Is this worldly town -- America's gateway to Asia, the second-largest media market in America, the Latino capital of the United States -- really owned and controlled by outsiders?
It's a question posed by local expert and author D.J. Waldie at Zocalo Public Square (via LA Observed).
Consider all of the major institutions in town with outsider roots:
-The Dodgers, owned (for now) by Bostonian Frank McCourt.
-Los Angeles Times owner Tribune Co. and its Chicago-based honcho Sam Zell.
-Downtown real estate reshaper Anschutz Entertainment Group (of Staples Center and LA Live fame), which is essentially owned by Denver billionaire Phil Anschutz.
-Outsider-owned film studios, from Fox (New York) to Sony (Japan).
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-Heck, even some of our most-famed Mexican restaurants (Red O, by Chicago's Rick Bayless; Loteria, by Mexico City native Jimmy Shaw) are non-native.
Waldie notes that even our police and transportation institutions have, at times, been run under the watchful eye of outsiders in Washington, D.C.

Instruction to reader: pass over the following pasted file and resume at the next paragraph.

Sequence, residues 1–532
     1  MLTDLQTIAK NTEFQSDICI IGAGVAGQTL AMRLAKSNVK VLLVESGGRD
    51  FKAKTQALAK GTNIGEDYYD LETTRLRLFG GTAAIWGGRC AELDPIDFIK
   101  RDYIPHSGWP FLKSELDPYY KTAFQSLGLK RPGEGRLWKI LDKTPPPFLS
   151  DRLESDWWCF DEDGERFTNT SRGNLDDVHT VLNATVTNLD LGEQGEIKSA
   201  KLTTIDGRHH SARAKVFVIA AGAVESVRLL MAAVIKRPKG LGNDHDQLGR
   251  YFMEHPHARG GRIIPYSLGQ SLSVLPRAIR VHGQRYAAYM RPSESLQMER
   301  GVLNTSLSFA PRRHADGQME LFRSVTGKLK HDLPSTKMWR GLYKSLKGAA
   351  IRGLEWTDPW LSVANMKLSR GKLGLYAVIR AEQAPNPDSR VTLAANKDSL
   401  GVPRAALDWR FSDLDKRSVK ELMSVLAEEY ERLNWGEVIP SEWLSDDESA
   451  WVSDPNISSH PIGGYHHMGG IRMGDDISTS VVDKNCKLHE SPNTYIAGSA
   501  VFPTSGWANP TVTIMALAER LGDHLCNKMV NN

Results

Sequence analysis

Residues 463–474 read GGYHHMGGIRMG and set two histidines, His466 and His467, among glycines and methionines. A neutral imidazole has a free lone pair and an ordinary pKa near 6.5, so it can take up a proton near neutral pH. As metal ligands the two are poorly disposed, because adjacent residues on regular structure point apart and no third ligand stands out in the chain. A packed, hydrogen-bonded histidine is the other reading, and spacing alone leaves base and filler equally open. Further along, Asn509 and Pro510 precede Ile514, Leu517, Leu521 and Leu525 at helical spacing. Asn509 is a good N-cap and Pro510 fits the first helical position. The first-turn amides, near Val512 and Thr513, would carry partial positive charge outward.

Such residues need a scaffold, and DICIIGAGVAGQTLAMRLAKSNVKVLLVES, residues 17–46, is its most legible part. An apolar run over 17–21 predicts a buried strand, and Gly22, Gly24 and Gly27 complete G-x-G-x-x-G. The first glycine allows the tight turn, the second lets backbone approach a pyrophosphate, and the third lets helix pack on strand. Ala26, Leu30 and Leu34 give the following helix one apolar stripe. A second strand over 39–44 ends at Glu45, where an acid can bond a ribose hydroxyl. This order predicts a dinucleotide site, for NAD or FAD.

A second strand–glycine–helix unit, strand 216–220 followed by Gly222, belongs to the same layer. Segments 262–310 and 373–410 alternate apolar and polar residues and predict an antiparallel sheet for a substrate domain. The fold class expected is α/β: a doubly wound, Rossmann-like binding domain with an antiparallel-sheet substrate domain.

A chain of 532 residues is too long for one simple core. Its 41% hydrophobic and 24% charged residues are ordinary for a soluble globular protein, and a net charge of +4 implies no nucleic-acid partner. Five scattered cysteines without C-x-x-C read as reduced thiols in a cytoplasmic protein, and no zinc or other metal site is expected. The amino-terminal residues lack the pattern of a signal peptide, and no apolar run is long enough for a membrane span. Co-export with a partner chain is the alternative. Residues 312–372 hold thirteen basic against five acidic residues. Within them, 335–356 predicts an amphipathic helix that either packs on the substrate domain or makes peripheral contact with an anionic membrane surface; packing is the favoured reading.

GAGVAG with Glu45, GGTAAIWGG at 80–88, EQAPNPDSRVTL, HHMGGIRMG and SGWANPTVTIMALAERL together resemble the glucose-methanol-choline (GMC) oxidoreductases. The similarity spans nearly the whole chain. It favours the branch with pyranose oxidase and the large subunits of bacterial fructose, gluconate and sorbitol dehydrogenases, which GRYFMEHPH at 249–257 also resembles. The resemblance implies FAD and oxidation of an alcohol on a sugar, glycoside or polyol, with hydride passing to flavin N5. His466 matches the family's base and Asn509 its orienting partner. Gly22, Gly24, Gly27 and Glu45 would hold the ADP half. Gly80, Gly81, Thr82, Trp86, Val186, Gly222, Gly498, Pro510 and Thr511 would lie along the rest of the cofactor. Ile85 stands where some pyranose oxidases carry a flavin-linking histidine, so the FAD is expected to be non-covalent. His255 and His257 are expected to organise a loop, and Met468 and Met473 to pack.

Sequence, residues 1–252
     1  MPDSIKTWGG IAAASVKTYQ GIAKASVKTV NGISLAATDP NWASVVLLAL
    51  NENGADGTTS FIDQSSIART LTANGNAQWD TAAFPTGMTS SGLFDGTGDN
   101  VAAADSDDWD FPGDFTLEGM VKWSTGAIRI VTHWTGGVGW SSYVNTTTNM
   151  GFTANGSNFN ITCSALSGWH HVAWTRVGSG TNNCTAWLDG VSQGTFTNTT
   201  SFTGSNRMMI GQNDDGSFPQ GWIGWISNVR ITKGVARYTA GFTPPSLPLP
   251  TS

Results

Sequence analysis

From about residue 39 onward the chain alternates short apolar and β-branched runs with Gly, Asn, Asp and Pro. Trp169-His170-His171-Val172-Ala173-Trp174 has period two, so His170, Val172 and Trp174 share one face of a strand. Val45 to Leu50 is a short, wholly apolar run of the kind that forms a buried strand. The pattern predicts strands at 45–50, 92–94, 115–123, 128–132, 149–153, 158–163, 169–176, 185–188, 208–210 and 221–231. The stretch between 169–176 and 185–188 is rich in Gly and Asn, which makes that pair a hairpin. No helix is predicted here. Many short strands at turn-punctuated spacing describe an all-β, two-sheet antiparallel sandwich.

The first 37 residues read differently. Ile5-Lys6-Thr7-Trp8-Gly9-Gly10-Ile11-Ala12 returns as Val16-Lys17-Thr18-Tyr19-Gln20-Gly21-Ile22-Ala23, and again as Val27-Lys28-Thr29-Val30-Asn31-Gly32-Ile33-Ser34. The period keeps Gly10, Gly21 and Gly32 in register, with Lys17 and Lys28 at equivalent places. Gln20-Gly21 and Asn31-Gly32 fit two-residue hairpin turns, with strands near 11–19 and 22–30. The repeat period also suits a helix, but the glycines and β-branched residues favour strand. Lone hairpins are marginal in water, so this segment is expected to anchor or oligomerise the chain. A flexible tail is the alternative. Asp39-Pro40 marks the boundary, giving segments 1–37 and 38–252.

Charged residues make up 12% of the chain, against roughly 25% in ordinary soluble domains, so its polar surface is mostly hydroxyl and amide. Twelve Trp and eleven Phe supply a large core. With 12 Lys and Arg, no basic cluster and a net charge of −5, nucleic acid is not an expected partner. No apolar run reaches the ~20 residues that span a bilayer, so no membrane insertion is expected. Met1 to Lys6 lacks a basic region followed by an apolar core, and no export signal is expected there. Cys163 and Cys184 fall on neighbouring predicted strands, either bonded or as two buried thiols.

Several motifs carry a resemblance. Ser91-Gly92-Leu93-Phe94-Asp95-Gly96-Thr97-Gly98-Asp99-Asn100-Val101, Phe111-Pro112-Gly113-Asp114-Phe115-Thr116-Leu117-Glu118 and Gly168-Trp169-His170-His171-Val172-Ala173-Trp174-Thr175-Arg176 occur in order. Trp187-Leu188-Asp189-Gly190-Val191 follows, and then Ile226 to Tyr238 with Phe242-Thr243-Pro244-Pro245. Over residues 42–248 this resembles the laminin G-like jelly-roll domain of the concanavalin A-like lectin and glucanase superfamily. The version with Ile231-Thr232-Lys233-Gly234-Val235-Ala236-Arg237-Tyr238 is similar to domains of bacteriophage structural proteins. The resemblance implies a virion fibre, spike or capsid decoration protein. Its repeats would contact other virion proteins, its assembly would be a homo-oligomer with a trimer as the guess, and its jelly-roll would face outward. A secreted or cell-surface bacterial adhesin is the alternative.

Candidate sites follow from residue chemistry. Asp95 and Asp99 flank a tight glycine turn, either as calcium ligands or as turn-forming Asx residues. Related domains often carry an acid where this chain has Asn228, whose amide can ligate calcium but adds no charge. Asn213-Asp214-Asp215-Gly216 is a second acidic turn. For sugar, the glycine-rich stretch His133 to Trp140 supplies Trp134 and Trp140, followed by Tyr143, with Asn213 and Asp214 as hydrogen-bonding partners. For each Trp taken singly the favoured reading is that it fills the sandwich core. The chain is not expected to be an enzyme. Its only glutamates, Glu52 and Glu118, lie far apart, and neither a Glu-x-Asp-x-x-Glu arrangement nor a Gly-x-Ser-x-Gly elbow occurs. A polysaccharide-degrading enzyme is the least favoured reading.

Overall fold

Grudging compliance to special masters and appointed monitors may be the best we have to give in a city fragmented by institutional barriers and so distracted from civic concerns. Few of us want to see Los Angeles as it is or what it should be; we've let others do it for us. This city's unaccountable political structure, its conception of power merely as the means to another deal, and the city's air of disconnected neutrality have let thugs police its streets, unfeeling technocrats run its services, and the McCourts loot its most-loved institution. And when those faults became intolerable, others - not us - imposed their solutions. We've come to expect this - and worse - from Los Angeles and ourselves. "Forget it, Jake. It's Chinatown." might as well be the motto on the city seal.